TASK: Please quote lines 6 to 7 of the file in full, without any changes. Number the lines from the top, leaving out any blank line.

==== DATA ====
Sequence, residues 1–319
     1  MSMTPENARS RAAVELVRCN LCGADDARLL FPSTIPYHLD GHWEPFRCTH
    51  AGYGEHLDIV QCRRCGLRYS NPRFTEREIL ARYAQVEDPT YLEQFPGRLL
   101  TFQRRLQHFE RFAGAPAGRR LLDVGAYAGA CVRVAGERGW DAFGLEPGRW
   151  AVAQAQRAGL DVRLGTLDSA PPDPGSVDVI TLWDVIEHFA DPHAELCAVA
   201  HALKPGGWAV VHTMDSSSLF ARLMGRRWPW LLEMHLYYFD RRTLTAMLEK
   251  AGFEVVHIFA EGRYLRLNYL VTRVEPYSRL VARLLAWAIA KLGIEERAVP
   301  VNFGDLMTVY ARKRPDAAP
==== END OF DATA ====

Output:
   201  HALKPGGWAV VHTMDSSSLF ARLMGRRWPW LLEMHLYYFD RRTLTAMLEK
   251  AGFEVVHIFA EGRYLRLNYL VTRVEPYSRL VARLLAWAIA KLGIEERAVP